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Enhanced annuities explained

pensions & retirement

Enhanced annuities explained

Learn more about enhanced annuities and how they can be used to get a higher retirement income because of your health and lifestyle choices.

What is an enhanced annuity?

If you have a reduced life expectancy, an enhanced annuity may offer a higher retirement income than a regular annuity. 

When your annuity income is calculated, providers consider your estimated life expectancy. If your provider thinks your life expectancy is lower than average, they may give you a higher (or enhanced) annuity.

How much more could you get with an enhanced annuity?

Since annuities provide a guaranteed income for the rest of your life, the amount you get will be based on life expectancy. 

Poor health can boost this annual income by as much as 30% or more depending on which provider you choose and their criteria for the seriousness of your condition.

Who qualifies for an enhanced annuity?

Different providers may have different criteria. The main conditions that qualify for an enhanced annuity are: 

  • smoking 
  • diabetes 
  • high blood pressure 
  • heart disease 
  • cancer 
  • kidney failure

Providers may also provide enhanced annuities for other conditions depending on how serious they are. These include asthma, high cholesterol, obesity and rheumatoid arthritis.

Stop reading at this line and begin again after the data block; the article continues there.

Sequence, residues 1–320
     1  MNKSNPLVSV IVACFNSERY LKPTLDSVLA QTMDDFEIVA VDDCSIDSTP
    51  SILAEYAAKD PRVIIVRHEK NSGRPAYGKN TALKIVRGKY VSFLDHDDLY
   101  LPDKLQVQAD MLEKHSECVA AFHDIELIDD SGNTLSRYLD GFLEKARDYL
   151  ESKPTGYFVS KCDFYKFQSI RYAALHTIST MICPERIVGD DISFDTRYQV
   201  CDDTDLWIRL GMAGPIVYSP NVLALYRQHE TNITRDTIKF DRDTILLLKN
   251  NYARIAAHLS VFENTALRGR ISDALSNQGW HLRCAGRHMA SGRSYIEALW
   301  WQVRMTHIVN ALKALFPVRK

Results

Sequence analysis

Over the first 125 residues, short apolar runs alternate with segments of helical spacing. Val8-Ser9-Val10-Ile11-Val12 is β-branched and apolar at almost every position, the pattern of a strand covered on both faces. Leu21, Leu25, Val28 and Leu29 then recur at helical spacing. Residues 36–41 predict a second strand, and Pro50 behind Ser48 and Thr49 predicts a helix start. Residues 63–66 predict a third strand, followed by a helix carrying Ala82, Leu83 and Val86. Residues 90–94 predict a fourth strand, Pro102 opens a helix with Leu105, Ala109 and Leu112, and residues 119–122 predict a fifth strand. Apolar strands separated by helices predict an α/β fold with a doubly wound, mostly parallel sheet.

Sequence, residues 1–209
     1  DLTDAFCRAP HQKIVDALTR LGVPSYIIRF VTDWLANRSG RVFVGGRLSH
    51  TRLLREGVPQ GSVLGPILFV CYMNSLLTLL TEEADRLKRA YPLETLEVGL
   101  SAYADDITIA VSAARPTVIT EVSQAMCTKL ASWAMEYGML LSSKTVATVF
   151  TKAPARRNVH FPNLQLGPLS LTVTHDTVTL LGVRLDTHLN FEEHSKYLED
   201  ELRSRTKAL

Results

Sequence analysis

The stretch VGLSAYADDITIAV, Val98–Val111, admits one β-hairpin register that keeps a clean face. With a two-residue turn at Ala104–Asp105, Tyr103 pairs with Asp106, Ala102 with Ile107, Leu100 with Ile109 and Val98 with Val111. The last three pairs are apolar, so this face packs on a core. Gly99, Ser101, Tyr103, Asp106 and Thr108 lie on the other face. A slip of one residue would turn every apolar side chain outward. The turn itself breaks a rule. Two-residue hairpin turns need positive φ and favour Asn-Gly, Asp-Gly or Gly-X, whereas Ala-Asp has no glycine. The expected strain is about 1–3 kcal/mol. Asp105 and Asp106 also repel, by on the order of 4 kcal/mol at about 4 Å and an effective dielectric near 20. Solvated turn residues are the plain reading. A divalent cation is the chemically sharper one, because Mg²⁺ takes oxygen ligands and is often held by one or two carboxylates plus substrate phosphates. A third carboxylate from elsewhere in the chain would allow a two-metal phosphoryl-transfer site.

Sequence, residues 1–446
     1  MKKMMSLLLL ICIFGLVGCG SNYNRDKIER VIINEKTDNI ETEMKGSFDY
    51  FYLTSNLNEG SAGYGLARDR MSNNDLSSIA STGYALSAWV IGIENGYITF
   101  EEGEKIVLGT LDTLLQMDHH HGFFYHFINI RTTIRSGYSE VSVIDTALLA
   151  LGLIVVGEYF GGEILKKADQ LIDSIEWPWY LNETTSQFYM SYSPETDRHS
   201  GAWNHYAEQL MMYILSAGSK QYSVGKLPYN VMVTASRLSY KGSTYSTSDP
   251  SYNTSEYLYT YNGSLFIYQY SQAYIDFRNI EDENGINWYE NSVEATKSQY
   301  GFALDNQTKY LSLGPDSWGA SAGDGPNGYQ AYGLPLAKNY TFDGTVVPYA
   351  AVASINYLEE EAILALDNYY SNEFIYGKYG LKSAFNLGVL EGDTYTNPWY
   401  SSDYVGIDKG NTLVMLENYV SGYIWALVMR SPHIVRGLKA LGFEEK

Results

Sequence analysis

How can I get an enhanced annuity?

When you approach retirement and are looking for an annuity, you will need to disclose all your health and lifestyle issues. The quotation form you will complete is fairly standard across all annuity providers. Qualifying for an enhanced annuity requires you to meet certain criteria, your provider will make a judgement on how much your ill health affects your lifestyle and you will be offered a suitable annuity.

You may wish to seek professional advice when looking for an annuity as it is an area prone to scams.

Enhanced Annuity FAQs

It is important you understand the pros and cons of annuities. Click here to read our guide to annuities. One risk is your pension pot cannot be inherited if you have purchased an annuity - although some providers would continue paying a reduced sum to your spouse.

Some providers will continue to pay out a reduced amount to your spouse after your death. If you are healthy but your spouse is not, then you may be eligible for a joint-life annuity where you are both covered.

As there are so many options and choices to make with joint-life annuities, we recommend seeking financial advice.

For more advice about enhanced annuities, including a calculator to help determine what you could get, follow this link to the government’s Money Advice Service.

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